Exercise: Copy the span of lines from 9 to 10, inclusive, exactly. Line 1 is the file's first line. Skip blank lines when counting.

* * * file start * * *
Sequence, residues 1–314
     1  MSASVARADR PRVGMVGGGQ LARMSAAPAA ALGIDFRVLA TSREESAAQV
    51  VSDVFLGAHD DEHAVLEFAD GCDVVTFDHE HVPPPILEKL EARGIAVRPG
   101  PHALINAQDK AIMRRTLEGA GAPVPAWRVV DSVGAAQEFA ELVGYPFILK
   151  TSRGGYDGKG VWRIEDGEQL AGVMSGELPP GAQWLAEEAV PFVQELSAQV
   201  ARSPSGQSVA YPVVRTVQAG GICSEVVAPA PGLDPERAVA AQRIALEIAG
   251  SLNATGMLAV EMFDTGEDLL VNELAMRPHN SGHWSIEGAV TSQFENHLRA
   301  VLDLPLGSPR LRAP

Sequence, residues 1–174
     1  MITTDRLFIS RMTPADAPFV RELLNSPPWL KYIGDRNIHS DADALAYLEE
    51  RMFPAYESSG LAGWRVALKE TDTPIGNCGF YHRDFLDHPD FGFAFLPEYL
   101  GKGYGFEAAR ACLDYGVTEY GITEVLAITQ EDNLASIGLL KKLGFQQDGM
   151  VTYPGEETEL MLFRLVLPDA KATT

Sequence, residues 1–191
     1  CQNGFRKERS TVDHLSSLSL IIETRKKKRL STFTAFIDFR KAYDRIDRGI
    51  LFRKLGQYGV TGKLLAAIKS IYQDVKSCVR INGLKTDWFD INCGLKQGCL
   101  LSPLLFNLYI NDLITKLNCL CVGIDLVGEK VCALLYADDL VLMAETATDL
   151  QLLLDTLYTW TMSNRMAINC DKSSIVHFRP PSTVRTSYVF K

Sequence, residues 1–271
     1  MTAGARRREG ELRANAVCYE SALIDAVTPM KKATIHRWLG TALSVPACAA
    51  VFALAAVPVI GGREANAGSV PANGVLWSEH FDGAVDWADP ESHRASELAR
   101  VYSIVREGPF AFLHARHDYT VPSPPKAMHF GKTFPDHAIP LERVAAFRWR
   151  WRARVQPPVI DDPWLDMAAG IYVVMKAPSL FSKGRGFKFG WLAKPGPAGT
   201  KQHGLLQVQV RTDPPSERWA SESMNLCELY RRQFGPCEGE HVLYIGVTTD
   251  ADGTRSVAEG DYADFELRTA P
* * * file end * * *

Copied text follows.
Sequence, residues 1–174
     1  MITTDRLFIS RMTPADAPFV RELLNSPPWL KYIGDRNIHS DADALAYLEE